The issue of Artificial Intelligence

Last week, I had dinner with Tony Wakerman, a senior manager of a large technology company. He explained how his company has been successfully using Artificial intelligence (AI).

Tony said: “We use AI to help us find the best workers for our company. Our special AI software searches thousands of resume to identify the best candidates.” I asked: “What is the difference between your AI software and the traditional “keywords” matching software that has been used for many years?”

Tony explained: “No it is NOT the typical search for matching keywords. Our special machine learning algorithm is trained to learn about the job descriptions, related skills, and specific experiences that we need. After that, it starts by going over many publications and multi-media sites such as LinkedIn, Facebooks, Twitter, Instagram etc. to find a list of people who have written about specific areas then it searches the list of resumes to find if any of these people are applying for the job and invite them to come in for an interview. The traditional search engine that uses “Keyword” matching software between the job description and the resume is already obsolete. With AI, we know much more about the candidates that we want to hire. Occasionally, the AI software finds a few excellent candidates but they are not applying for the job so we contact them, ask them to come to our company and convince them to work for us.”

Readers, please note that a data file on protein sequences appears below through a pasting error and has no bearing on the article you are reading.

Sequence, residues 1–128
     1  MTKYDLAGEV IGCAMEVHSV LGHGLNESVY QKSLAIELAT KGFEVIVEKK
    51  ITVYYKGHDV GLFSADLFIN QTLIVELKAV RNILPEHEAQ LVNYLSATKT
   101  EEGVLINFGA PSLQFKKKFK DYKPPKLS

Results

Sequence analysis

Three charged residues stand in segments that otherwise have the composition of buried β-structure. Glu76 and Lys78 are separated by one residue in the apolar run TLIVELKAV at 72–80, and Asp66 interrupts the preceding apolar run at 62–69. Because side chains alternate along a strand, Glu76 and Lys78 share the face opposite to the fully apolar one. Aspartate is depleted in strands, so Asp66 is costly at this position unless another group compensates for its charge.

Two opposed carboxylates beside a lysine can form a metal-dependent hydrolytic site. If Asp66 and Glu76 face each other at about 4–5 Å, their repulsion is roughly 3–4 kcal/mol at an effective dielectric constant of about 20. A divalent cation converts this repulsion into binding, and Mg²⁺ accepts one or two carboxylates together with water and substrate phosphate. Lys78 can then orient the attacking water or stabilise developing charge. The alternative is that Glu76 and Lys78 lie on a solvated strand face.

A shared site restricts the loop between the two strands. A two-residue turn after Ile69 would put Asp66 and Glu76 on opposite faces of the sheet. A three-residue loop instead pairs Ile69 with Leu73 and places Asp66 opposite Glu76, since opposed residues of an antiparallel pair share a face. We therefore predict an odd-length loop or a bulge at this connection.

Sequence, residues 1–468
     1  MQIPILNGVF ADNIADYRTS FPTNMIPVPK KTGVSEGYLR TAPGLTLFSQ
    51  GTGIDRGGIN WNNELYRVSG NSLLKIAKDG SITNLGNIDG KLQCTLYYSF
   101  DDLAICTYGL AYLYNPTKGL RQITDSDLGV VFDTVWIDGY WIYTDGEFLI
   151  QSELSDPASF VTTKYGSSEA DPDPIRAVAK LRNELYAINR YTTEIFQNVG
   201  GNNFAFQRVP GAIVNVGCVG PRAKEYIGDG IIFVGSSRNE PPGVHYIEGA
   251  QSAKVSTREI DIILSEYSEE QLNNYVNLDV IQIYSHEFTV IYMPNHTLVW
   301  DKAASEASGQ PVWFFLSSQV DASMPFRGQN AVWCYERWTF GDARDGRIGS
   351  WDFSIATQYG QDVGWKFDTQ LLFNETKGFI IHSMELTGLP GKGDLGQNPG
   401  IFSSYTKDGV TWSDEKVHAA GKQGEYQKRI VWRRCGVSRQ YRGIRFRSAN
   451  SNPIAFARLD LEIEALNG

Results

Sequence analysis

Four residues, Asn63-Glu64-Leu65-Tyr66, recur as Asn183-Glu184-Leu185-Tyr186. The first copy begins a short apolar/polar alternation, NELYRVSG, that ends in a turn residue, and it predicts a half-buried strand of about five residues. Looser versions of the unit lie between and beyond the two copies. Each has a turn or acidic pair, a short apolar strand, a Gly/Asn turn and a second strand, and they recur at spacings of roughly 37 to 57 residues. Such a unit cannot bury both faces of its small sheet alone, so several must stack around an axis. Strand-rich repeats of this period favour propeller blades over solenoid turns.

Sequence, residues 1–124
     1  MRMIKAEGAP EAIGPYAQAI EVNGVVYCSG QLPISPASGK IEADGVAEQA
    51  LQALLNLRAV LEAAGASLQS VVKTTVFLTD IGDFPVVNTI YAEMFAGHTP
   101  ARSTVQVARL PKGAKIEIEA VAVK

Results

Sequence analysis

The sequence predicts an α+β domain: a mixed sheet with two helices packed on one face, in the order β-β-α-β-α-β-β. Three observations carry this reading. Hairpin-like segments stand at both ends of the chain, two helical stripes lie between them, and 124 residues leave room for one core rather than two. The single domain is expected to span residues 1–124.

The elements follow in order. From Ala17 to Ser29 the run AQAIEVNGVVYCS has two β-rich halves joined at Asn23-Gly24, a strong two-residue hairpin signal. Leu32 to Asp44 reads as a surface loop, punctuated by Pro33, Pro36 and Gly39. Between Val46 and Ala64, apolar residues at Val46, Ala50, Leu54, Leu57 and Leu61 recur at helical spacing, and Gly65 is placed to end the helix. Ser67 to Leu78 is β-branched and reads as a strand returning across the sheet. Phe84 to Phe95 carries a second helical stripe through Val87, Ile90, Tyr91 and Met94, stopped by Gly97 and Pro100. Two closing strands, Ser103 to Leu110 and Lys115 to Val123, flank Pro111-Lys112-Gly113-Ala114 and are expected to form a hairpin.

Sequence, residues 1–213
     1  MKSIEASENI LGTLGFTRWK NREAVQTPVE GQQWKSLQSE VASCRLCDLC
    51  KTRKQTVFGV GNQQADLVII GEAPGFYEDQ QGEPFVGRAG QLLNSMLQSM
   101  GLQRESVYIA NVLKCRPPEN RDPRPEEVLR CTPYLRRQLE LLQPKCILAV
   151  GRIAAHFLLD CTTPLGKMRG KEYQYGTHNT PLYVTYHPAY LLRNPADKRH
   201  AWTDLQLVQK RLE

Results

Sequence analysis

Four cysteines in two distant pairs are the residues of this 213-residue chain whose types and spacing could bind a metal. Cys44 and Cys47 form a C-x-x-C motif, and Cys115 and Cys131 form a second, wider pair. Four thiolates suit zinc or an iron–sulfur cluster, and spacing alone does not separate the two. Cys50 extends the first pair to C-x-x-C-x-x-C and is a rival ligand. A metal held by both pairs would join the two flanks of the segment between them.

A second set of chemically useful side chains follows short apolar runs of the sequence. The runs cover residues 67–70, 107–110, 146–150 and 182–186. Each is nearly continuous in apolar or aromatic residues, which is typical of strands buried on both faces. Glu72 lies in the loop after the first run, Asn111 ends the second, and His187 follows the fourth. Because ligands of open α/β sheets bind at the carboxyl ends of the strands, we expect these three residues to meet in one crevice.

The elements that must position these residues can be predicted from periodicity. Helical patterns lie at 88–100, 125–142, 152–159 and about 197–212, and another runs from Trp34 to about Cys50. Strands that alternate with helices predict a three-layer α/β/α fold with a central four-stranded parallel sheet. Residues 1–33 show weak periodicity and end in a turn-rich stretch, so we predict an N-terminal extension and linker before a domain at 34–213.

I laughed: “In that case, are you stealing workers of another company? Tony also laughed: “That is the “new game” in Silicon Valley. Every company is stealing workers from others because there is a critical shortage of AI workers and companies need them to grow their business. A few months ago, we found several very good AI people from India and China, our software reviewed their written articles online as well as their resume on LinkedIn so we decide to invite them to our company in San Francisco. We discussed our challenging works and offer them “something that they cannot refuse.” In the end, we hire seven out of these ten invited AI experts. Of course, Baidu and Infosys were not happy with us. Today, the recruiting of skilled workers is becoming a war between companies for specific talents.”

I asked: “What can your AI software do besides recruiting skilled workers?” He explained: “After hiring workers, our AI software can keep them productive by tracking how they handle their jobs. We track how they use their computers. Our AI software collects virtually everything done on a computer from web browsing, email, chat, keystrokes, documents as well as applications that they use. It also helps managers look into the job performance of each worker by analyzing their work then scores them for positive or negative points. Our AI system can track workers around the office as well as their movement in our building, and send an alert if a worker violates the company policy such as people without proper credentials enters a sensitive area.”

I was shocked: “So the AI system is now a “Big Brother” watching everything like in the book 1984 by George Orwell? Tony did not seem concerned: “We are developing many sensitive systems, we need to make sure that security is important. Only authorized workers can go into our special laboratory or special work areas. We have thousands of workers and only a few can get access to these areas as we need to be careful with people who may steal our inventions. AI technology can help us to prevent intellectual theft. You may like it or do not like it and everybody has a different opinion. This is not something new as some countries already used similar systems for years. For example, China and Russia are using it, not in companies, but to track their people. There is a difference between tracking productivity and work within a company and tracking what people do in their lives.”

Sources

  • Blogs of Prof. John Vu, Carnegie Mellon University

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